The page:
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Internet Governance 8 November 2012

Takeaway (Feeder EI) WS 169 Internet policy infrastructure for sustainable Internet development: lessons from attempts at IP enforcement

International Intellectual Property and Copyright laws try to protect innovation and sustainable Internet development. However IP laws are territorial with consistency provided through intenational treaties. In fact, there are 27 different copyright licensing regimes, therefore the process is difficult, expensive and must be stream-lined. The panel considered it necessary to have collaboration to prevent jurisdictionalistion in a global content environment. Internet content requires public policies to benefit from international cooperation since the internet does not respect borders.The modern copyright policies hinder innovation, indeed a new industry of monitoring is created by enforcement efforts and other innovations (such as counter-monitoring efforts). There must be a balance between the need for people with creative skills to profit from their content, while preventing an over-reliance on the law. That being said, minimum rights must be renegotiated and respect of the legal foundation kept in mind. The automatic take down and manner of notice must be carefully assessed to ensure user protection, particularly in terms of:– the pressure put on users to find alternate means of sharing such as through use of encryption (which would create a more complicated problem for detecting and responding to copyright infringement)– the technology must fit as part of the broader solution to provide for the enforcement of laws– Accountability for take downs with no grounds given. Intermediaries should provide open platforms, but policies protecting intermediaries are also critical to ensuring their survival. In fact, if intermediaries are forced to judge content and speech, it will lead to over regulation. Specifically with regard to copyright enforcement, voluntary procedures are best with transparency reports of those intermediaries.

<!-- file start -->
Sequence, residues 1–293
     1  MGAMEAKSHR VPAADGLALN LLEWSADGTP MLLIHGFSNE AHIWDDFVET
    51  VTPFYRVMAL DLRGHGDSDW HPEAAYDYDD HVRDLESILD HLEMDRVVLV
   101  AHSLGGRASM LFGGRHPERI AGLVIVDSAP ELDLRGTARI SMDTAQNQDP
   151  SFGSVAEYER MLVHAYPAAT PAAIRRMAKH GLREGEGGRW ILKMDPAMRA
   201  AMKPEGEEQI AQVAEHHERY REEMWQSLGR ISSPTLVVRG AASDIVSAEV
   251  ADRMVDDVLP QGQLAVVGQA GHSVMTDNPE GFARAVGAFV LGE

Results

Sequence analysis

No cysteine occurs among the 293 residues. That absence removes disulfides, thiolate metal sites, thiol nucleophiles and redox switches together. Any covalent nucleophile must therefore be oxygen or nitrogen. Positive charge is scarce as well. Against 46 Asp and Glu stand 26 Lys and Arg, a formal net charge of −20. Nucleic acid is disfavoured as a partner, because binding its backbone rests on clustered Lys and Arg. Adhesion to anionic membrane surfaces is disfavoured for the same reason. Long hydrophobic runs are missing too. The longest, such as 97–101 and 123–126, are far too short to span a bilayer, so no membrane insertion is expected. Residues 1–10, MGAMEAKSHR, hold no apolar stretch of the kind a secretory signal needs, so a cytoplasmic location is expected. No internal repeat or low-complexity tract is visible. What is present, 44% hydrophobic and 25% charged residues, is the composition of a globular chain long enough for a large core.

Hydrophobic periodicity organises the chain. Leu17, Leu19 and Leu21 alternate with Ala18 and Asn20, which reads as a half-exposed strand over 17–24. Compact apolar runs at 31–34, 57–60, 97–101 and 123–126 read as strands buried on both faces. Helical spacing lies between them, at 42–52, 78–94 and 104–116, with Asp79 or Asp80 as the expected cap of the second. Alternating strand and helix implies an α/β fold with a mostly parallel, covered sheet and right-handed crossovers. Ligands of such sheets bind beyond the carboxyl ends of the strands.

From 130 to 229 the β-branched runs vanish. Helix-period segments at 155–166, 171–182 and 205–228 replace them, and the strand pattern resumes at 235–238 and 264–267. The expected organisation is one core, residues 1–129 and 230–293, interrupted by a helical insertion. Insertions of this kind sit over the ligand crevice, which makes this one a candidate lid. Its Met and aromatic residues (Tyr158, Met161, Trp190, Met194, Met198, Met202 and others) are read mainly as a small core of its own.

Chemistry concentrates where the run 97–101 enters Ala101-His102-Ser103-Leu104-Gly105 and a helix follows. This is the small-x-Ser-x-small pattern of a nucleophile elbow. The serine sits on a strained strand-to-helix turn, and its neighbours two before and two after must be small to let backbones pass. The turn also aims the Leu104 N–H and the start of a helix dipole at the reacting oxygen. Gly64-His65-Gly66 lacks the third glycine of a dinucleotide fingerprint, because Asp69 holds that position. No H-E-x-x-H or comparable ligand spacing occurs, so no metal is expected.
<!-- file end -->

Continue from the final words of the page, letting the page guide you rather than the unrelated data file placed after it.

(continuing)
The effectiveness and proportionality of domain name blocking and filtering are questionable particularly in giving positive freedom of expression outcomes. Mandatory blocking must be proportional especially if there is a mix of legal and illegal content on the domain. If SOPA and PIPA can be used as indicators, Domain name blocking is not the answer. Rather, enforcement is preferred through due process limited by design and consistent rules distinguishing between legitimate and illegitimate content. In any single process (whether it be through mediation or the courts) must find some mechanism to provide a clear balanced process, without compromising speed of resolution. 

Alternative business models like ‘pay for what you want‘ are good cost effective ways of dealing with IP enforcements and content service eg. netflix model. While new business models can be investigated providing different conceptual framework for rewarding creators, this is not a necessity. It is questionable if the pay what you want‘ and give donations to content provider has the same success or viability as an alternate business model.

There are other mechanisms that would help improve the copyright environment outside of the law (and the Global nature of the internet calls for review of these) such as development in the copyright infrastructure to facilitate licensing and other uses. The laudable intent is that all rights converging over different internet platforms must be respected. The Multi-stakeholder model does positively serve in finding the solution, but stakeholders must be more resiliant to adapt and to ensure transparency. More information on this session.

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Disclaimer: Viewpoints expressed in this post are those of the author and may or may not reflect official Internet Society positions.

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